Over the past two years I have been hosting seasonal dinners at 61 Local in Cobble Hill, Brooklyn. The formation of each meal has become somewhat of an instinctual impulse to me, and allows me to create something that I enjoy doing for the feeling and the flavor of the experience. There is something so honest and transparent about cooking, where the chef is behind the line and using food as a medium to communicate with their guests. Each ingredient and the way it is prepared speaks to the diners, and pretension is left at the door. I curate my dinners in the same way as I teach my classes; I want the food and drink to be accessible, I want the process and the sourcing to be explained, and I want you to be a part of that experience and exploration. Seasonality and locality breeds fresh ingredients and regional awareness.
Thinking back on the epitome of delicious dinners I have experienced, I am transported back to Cherasco in Piedmont, Italy. I was in that northern section of Italy for the biennal Slow Food Cheese Festival, and after three intensive days of cheese tasting and a meticulously curated formal dinner, my mother, friend Janice, and I were ready to branch outside the city of Bra where all of the festivities were taking place. Cherasco is a small, medieval comune with a handful of restaurants. We had been told the Osteria was excellent, and wandered into its understated doors. Strong, round wooden tables and chairs covered the small dining room. The people were dressed casually, and the menu was dictated to us in Italian, which we awkwardly translated, before making our choices.
The food we were served was fresh and simple, such as a raviolo stuffed with fresh sheep milk ricotta, a vibrant orange farm egg, and shaved Alba truffle. The ingredients were mesmerizing and manipulated only enough to enrich the accompaniments. Four courses, including dessert, came to 50 Euros a person, a fair and affordable price for a spectacularly local meal.
As we finished dessert, the chef came out of the kitchen in a green apron and proceeded to the porch where he sat with a few elderly people chatting. It felt like we had just eaten dinner at his home, and there was a sense of neighborly familiarity to the experience.
It is always my goal to replicate a similar experience in some capacity through my House Made Cheese Dinners. When I feel like each of my guests are treated to the same revelations I had after that meal in Italy, that’s when I’ll know I’m on the right track.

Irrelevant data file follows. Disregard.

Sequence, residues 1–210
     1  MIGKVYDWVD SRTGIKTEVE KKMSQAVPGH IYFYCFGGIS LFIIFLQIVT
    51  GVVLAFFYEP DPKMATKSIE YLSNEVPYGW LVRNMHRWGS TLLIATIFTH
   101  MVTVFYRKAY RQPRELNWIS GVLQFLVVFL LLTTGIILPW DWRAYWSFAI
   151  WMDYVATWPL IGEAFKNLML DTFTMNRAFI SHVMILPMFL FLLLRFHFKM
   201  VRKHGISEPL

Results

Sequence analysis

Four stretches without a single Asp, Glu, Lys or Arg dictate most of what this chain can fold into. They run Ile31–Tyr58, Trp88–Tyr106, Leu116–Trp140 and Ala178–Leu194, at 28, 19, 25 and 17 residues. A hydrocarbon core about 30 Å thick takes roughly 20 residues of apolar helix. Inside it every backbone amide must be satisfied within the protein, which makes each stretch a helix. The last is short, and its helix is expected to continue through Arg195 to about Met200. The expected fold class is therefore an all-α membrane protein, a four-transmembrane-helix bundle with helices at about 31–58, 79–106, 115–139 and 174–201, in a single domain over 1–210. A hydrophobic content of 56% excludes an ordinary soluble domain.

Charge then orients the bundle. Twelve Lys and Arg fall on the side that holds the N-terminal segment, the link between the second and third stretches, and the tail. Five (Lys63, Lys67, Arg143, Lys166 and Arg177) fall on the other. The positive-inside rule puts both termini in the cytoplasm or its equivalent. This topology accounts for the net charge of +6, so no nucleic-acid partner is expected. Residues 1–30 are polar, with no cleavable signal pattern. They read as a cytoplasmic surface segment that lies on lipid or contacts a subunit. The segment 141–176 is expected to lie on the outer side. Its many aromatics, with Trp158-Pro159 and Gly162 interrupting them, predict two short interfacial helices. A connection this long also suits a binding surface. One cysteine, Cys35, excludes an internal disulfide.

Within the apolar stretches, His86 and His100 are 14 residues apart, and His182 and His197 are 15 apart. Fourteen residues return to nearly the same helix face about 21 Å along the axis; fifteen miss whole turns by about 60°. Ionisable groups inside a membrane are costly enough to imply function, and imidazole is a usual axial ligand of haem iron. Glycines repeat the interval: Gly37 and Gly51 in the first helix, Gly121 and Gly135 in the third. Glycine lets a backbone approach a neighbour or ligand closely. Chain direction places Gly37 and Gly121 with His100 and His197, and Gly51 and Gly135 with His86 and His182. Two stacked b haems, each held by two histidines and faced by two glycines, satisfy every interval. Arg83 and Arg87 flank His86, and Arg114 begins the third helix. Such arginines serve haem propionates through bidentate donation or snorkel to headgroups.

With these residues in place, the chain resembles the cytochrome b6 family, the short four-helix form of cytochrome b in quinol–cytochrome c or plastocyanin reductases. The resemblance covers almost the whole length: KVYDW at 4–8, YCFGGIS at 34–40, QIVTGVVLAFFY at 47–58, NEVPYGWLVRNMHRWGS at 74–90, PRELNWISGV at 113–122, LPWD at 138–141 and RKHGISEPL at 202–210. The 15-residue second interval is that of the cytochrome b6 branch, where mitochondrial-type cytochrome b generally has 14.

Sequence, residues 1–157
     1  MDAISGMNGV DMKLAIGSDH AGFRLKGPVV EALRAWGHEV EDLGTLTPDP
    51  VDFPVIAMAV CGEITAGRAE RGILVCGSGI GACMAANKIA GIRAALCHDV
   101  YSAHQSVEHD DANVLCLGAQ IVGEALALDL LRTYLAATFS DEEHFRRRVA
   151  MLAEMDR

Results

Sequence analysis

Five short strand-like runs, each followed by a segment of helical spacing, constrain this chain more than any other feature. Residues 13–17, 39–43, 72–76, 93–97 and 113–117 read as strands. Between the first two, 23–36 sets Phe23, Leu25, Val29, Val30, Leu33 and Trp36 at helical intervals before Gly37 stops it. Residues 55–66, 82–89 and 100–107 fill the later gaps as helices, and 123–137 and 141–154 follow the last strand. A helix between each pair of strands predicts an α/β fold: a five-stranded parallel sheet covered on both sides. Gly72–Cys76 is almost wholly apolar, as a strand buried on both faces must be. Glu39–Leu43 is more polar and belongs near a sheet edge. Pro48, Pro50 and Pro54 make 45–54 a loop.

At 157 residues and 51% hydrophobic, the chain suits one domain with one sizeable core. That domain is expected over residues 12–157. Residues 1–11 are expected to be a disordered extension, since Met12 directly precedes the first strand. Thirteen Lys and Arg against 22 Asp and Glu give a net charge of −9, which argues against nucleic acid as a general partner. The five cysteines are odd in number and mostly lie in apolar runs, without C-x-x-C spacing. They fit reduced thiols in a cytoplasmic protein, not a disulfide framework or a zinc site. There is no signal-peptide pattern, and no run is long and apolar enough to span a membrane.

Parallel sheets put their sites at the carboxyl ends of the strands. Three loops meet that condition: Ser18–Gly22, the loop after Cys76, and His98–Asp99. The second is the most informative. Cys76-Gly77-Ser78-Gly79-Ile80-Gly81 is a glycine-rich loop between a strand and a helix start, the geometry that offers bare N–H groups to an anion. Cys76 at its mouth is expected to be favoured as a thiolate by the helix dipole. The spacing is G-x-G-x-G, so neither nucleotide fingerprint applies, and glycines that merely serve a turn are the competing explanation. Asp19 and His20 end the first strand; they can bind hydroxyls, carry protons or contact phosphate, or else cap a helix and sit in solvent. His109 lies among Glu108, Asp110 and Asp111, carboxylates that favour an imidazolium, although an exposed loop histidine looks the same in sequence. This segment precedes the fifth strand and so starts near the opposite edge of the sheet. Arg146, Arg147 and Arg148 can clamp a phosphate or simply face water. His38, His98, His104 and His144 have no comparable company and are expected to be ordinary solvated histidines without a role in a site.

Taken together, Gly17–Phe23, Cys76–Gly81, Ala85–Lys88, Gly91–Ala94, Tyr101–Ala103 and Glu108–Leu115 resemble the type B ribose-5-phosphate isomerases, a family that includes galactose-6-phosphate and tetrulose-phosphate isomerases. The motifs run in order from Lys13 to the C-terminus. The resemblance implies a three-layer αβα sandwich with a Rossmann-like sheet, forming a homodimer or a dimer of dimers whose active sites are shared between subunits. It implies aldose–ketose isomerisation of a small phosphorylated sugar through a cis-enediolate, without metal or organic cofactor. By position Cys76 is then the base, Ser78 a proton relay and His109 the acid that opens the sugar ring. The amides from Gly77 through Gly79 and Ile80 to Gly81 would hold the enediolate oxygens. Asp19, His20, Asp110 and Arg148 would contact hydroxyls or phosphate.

Cheese in the City Supper: House Made Cheeses, Summer Fare, and Regional Wines
July 19, 2015
The evening started out with a large plating of Union Square farmers market cherries that had been pitted and stuffed with house made buttermilk cheese. The stuffed cherries were baked just enough to become plump and slightly melt the cheese inside. Cracked black pepper added a subtle kick to the amuse bouche. I kept the cherry stems intact so that each diner could pluck one off the plate as they arrived and waited for dinner to begin.
The first course was a classic pairing of vegetal beer battered squash blossoms stuffed with house made mozzarella curd, and served with quick sauteed summer squash and lemon basil. This dish is one of those obvious crowd-pleasers, as when the words “fried” and “cheese” fall into the same sentence, the people come running.
The second course was deeper in flavor, with roasted balsamic peaches, beefsteak tomatoes, spicy microgreens, and house made burrata cheese. The light roasting of the peaches and the acidity of the balsamic paired increased the nuanced flavor of the beefsteaks, which were at the peak of their ripeness. It is intended that after this course the diner becomes inextricably immersed in the experience, and the aromas and textures of the food must keep them satiated.
I like to keep the dinners predominantly vegetarian so I can showcase the season’s produce at its peak. It is only for the entree that I’ll provide meat and for this event, it was porchetta. As a vegetarian replacement for the porchetta, I made beet steaks that were roasted, peeled, cut, and then sauteed in butter with shallots and thyme. They rested on a bed of roasted carrot puree and house made creme fraiche, and were served with a variety of fresh shell beans.
The dessert was a simple Macedonian trifle with house made mascarpone. The fresh farmers market berries were macerated with New York Riesling wine, sugar, and chocolate mint. The macarpone was whipped with cream and sugar, and then layered and garnished with mint.
The set up for the dinners is communal. It provides both the option of dining with friends and the opportunity to meet someone new. The ambiance is relaxed and the plating happens before their eyes. Between each course, I’ll make a quick announcement about the dish: a short explanation about the technique used to make the cheese component and the reasoning behind the pairing process. And then I let the flavors finish the conversation and take you where you need to go. Then we dig in and enjoy the simplest pleasure of a shared meal together.